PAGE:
to that occupied when fitted to a table telephone. This is necessary because of the different relationship of the base plate with respect to thee plunger assemblies. The method of
assembling the switch bracket in the two positions is shown in Fig 7.
One common circuit diagram shown in Fig. 8 is used for C.B. and automatic table or wall telephones, and the
characteristics individual to each instrument are indicated in the accompanying notes. The circuit is basically the same as that for the 332 telephone described in Vol. 2, No. 2, October, 1938, the only difference being that a B.P.O. No. 27 induction coil, which supersedes the No. 22 coil, is now used. The
operation of each is identical, but the No. 27 coil has different values of resistance and turns for the windings, and was developed to provide higher efficiency and slightly different side-tone characteristics to the No. 22 coil with which it is interchangeable.
The assembly of the magneto telephones is similar to that of the C.B. and automatic instruments, except that a built-in generator is provided in the position normally occupied by the dial or dial dummy. Flexible cords 8 in. and 15 in. in length respectively for the table and wall telephones provide
the means of connection between the generator and terminal block. The generator is designed specially for the purpose and the constructional details and electrical
performance will be published in a future issue. The circuit diagram for the magneto wall or table telephone is shown in Fig 9, and the operation
is fundamentally the same as that for the 233 M.W. telephone described in Vol. 2, No. 3, February, 1939, except that a condenser is placed in series with the signalling circuit, and the generator springset opens the bell circuit during an outgoing ring. It will be noted also that the cradle switch springs in the 300 type M.T. and M.W. conform with the standard arrangements for handset telephones, and the connection to the batteries from the table instrument is made by means of a three-conductor cord which also serves as the line connecting cord.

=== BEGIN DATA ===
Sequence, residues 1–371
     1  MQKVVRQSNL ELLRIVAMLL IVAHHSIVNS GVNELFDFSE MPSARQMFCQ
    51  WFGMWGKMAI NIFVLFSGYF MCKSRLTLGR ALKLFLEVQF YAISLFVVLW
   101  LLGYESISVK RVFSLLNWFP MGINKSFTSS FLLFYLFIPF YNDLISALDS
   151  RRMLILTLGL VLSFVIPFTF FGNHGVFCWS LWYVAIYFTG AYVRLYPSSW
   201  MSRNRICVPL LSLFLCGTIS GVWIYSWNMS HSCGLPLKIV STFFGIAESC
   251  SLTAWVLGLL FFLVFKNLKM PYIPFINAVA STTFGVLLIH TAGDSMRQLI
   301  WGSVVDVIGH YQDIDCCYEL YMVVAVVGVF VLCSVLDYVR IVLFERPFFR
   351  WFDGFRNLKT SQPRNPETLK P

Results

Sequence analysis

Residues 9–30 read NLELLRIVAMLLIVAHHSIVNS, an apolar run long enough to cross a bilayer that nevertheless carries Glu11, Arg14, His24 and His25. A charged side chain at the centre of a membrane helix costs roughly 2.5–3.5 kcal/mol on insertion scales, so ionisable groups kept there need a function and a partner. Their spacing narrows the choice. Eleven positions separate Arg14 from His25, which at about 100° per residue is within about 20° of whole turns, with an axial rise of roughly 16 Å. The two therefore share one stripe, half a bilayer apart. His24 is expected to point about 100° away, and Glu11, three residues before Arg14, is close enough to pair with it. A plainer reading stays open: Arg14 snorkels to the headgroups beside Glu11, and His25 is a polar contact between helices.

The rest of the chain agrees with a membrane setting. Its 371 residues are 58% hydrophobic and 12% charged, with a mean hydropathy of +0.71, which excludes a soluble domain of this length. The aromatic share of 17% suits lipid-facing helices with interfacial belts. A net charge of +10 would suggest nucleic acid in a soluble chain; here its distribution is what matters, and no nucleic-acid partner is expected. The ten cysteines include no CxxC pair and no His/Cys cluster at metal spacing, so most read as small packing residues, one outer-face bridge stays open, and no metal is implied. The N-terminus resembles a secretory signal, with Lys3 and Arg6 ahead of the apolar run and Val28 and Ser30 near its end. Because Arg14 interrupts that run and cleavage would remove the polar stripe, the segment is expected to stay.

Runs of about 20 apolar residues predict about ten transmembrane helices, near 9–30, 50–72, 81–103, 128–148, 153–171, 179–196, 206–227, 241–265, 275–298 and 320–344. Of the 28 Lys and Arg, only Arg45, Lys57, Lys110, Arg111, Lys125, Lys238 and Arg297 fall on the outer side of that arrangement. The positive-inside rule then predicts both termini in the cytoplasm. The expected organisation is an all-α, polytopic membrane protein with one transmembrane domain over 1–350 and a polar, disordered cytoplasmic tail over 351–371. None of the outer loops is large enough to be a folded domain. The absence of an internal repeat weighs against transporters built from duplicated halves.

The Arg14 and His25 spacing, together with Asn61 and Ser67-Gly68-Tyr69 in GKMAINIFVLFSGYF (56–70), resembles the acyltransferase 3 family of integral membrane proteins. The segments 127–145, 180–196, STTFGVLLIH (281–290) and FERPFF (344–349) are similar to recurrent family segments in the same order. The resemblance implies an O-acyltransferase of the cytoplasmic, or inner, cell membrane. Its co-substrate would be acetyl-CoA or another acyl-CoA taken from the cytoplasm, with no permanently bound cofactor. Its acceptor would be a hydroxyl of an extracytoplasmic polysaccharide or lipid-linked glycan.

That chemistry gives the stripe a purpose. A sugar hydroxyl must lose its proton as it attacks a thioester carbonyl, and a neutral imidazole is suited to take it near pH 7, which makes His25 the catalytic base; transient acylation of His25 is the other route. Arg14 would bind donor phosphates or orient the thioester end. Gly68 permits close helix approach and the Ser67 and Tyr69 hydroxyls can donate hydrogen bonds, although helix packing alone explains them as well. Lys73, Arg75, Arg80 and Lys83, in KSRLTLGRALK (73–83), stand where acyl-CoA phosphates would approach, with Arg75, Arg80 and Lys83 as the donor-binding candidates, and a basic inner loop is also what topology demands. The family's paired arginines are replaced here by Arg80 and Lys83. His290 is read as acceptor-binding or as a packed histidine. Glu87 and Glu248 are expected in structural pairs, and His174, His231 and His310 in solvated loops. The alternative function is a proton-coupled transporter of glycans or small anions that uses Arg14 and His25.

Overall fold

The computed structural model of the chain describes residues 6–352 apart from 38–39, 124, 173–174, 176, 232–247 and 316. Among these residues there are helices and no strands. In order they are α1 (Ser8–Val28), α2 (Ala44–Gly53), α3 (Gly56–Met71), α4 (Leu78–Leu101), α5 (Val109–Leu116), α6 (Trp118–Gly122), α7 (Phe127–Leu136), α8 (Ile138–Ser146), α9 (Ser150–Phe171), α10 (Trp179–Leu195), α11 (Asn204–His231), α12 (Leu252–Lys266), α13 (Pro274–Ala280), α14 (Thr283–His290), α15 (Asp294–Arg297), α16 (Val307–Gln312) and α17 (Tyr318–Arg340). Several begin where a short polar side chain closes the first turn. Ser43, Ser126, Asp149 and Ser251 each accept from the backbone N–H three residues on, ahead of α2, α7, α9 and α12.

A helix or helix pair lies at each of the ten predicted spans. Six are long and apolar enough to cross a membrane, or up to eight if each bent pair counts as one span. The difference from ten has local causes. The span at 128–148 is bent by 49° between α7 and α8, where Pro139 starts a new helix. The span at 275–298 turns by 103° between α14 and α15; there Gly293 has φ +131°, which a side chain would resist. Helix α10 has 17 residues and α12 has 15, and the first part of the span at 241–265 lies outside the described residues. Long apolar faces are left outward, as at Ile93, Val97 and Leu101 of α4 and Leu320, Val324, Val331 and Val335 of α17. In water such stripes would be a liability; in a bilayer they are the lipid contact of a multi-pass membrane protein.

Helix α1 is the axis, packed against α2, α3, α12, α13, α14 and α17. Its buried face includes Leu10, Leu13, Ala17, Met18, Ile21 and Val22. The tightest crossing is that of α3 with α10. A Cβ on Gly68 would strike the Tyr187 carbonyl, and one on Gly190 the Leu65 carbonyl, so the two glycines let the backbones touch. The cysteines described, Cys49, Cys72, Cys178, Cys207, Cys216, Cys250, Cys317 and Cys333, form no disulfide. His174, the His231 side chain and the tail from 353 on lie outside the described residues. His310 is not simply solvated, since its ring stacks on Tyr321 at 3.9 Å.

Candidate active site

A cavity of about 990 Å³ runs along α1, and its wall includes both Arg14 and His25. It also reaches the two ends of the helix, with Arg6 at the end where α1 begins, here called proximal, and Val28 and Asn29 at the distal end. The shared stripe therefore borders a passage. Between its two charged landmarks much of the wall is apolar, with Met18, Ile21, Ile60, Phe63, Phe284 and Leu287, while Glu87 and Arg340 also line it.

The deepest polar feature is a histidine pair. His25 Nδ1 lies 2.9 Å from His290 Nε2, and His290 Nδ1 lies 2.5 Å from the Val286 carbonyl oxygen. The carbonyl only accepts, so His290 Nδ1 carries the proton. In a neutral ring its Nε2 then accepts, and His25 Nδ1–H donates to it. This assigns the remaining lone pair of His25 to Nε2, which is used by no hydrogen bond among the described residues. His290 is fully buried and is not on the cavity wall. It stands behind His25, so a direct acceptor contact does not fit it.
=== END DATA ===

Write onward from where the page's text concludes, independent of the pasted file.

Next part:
The simplicity of the design of the plunger assemblies will be observed from Fig. 10. In earlier telephones the plungers were mounted in metal sleeves fixed in
position by means of screws, whereas the 300 type plungers operate in correctly dimensioned holes in the moulded case, and the friction sue-faces are metal to bakelite instead of metal to metal. Tests conducted to date indicate that the simplified plunger assembly will be just as satisfactory in service as the more elaborate metal insert type.
The switch bracket assembly is provided with extension pieces as shown in Fig. 7
to facilitate the closing of the wall case. These projecting lugs engage with the bottom of the plungers and raise the latter gradually to their operating position. This obviates the necessity for holding the plungers in the upper position whilst the case is being
The base plate of 14 gauge mild steel performs the dual purpose in the table telephone of providing a base for the instrument, as well as a means of mounting the component parts.
The table case can be used for a 332 telephone.
An additional ebonite plunger is provided on the switch bracket assembly so that a second springset can be fitted if special facilities are required in the telephone. The
switch bracket is drilled and tapped for two springsets.
Means for the mounting of press buttons, etc., for miscellaneous purposes are provided by two mounting holes at the top of the
switch bracket assembly.
The terminal block containing 19 terminals provides for the maximum flexibility by the use of connecting links between terminals.
A two-conductor line cord is provided on C.B. and automatic telephones for straight services. A three-conductor cord is fitted only when an extension bell is required.
A 184 handset is provided. This type differs from the 164 handset previously employed on telephones in that the strap connection between one side of the receiver and transmitter
is removable and the four terminals are available if required.
A ready means of locking the dial and dial dummy in position is provided by a retaining
Press-in type rubber feet are used on the table instruments.
The C.B. dial dummy is designed so that the label, celluloid disc and locking ring are inserted from the rear.
The entire telephone with the exception of the dial, dial cord, line cord and handset cord is made in Australia. Owing to war-time conditions the colour of the instruments has been confined to black, but it is anticipated that other colours will be available in the near future.